Through integrated learning, apprentices will gain comprehensive understanding of policies and legislation that affect the agricultural sector and how any national or international changes will impact the nature of their work. This is essential learning as a large part of an adviser’s career is to provide guidance on best practices and how farmers and growers can maximise yields whilst complying with legislation, regulations and environmental policy.
Health and safety and risk analysis is incredibly important for an advisor to understand thoroughly as industrial chemicals will be a part of their work, from storing materials correctly to being able to read labels and symbols to providing necessary reports, apprentices learn all aspects of this so that they can do their job safely, protecting themselves and others.
8. Commercial Business Knowledge
Commercial business management skills for running farms and nurseries alongside financial land management will become second nature to apprentices as they learn during the course. Graduates will be able to calculate costs, negotiate and understand the financial implications of their advice and decision making and how it can impact on farmers and growers.
An apprentice will gain a working knowledge of how to deliver on business outcomes in appropriate time-frames without compromising business values or culture whilst remaining GDPR compliant.
9. Environmental Challenges And Problem Solving
Uncontrollable variables such as the weather, seasonality and climate change are inevitable challenges that an agricultural or horticultural advisor must attempt to mitigate whether through working with nature or taking steps to move crops into controllable environments such as glasshouses.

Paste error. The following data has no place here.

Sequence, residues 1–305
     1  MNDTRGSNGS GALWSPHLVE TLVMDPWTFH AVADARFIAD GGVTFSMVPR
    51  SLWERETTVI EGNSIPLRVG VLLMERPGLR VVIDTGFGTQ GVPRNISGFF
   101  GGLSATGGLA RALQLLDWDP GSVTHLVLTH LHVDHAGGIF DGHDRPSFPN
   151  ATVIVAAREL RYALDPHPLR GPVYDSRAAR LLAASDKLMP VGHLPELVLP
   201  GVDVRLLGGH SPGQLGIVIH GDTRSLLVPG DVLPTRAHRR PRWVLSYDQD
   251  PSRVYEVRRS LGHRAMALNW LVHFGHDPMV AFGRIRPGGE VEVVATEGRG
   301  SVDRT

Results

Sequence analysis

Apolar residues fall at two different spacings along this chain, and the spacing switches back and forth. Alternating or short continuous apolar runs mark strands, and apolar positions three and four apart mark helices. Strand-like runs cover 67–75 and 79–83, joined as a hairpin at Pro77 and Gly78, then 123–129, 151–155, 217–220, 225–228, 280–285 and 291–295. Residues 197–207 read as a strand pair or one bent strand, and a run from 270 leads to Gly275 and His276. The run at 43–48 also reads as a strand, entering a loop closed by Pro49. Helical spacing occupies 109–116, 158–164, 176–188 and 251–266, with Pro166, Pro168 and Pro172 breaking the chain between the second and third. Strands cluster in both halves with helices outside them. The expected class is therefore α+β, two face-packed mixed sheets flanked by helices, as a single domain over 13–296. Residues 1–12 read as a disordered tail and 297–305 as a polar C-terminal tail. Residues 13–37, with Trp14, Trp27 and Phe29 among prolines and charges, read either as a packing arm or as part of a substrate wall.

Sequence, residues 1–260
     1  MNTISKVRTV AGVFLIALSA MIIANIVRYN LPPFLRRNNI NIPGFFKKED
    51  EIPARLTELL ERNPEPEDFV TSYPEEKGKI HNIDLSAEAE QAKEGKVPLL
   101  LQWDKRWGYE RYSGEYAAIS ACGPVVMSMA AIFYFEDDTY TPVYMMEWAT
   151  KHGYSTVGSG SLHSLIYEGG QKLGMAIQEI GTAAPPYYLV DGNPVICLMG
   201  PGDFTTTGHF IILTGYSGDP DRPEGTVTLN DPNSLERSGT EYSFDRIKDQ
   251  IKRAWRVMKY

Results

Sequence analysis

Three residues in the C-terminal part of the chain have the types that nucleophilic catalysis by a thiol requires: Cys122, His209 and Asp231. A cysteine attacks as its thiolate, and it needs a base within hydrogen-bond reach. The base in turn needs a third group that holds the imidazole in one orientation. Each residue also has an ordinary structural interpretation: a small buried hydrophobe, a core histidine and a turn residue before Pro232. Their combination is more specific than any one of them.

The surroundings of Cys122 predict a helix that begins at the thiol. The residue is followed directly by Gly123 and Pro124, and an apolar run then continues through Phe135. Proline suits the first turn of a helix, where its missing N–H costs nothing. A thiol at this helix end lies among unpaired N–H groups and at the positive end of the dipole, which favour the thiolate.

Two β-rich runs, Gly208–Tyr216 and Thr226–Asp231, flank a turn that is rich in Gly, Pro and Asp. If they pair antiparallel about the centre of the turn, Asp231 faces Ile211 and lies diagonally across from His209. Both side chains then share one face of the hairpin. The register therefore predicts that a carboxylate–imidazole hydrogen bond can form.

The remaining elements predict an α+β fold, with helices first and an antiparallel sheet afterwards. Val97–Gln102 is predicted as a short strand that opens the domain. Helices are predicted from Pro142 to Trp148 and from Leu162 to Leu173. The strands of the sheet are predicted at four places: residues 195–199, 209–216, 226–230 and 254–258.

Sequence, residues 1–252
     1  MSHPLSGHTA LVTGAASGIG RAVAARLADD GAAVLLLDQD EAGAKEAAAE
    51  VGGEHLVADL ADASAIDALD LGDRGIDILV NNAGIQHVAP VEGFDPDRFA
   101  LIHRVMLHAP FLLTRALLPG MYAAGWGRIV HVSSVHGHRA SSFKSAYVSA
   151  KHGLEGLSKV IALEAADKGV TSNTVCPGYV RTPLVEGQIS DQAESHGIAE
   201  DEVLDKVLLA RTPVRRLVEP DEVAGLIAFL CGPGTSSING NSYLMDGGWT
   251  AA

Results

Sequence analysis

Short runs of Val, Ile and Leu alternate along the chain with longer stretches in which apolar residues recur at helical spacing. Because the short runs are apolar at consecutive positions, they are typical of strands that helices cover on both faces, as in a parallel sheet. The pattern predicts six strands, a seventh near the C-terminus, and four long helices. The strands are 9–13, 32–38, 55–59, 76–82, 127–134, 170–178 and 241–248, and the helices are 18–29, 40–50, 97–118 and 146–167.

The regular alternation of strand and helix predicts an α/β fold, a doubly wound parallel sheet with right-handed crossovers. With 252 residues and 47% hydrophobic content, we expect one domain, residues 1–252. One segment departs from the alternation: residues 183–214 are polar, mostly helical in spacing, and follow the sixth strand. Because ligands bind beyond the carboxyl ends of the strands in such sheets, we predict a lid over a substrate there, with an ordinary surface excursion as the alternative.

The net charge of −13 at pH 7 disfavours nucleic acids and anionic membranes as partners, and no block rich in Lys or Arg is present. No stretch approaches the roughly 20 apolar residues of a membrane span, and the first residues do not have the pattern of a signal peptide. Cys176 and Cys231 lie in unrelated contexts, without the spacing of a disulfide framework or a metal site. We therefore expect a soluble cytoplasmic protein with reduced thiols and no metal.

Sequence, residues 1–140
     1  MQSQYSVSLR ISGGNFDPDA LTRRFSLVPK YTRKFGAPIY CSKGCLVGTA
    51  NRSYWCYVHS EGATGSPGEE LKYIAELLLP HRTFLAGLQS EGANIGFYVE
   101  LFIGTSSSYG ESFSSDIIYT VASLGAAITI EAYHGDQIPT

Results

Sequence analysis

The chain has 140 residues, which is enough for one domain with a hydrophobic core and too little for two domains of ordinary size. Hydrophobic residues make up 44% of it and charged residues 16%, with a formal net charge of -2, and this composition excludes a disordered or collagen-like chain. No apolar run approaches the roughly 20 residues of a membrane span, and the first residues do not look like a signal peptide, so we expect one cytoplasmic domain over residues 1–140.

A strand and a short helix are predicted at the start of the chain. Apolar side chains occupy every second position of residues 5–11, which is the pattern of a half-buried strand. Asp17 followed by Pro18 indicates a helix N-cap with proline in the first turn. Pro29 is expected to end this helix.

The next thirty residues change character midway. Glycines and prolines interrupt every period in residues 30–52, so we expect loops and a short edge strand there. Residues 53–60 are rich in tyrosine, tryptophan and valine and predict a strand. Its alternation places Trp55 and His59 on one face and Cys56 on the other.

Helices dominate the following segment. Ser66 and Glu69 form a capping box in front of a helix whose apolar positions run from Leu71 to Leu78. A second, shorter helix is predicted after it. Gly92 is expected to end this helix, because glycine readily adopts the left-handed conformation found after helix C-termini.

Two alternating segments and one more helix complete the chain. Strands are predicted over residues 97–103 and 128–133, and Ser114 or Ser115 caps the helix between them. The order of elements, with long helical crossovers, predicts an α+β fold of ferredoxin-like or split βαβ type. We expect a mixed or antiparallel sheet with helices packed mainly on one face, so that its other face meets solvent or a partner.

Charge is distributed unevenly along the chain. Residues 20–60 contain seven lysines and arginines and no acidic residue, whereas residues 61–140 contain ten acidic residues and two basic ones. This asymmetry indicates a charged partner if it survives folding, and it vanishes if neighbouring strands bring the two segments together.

An example of the type of work an apprentice might undertake to overcome poor crop growth might involve taking a soil sample and analysing it in a laboratory environment to understand pH, soil type, erosion and nutrient deficiencies. The apprentice will explore if the soil can be treated to improve harvests or if a different type of crop should be grown instead, weighing up the pros and cons to advise the farmer or grower appropriately.
Apprentices will explore how to overcome major pests that threaten UK crops and minimise damage whilst avoiding the development of pesticide resistant strains of weeds, insects and diseases, a difficult balance to find.
10. Digital Systems
Digital systems such as Management Information Systems have become an integral part of modern farming and enable agriculturalists to record and analyse data to make scientific decisions and implement strategies based on the results. An apprentice will be able to deliver the best solutions for farmers and growers through their understanding of these digital systems, producing comprehensive reports for clients that deliver tangible results, improving yields for everyone.
If you are keen to read about this apprenticeship in more detail and learning about entry requirements we recommend checking out this page on the Institute for Apprenticeships and Technical Education website where they break down key skills and knowledge that students will learn.
We wish you the best of luck with your apprenticeship journey!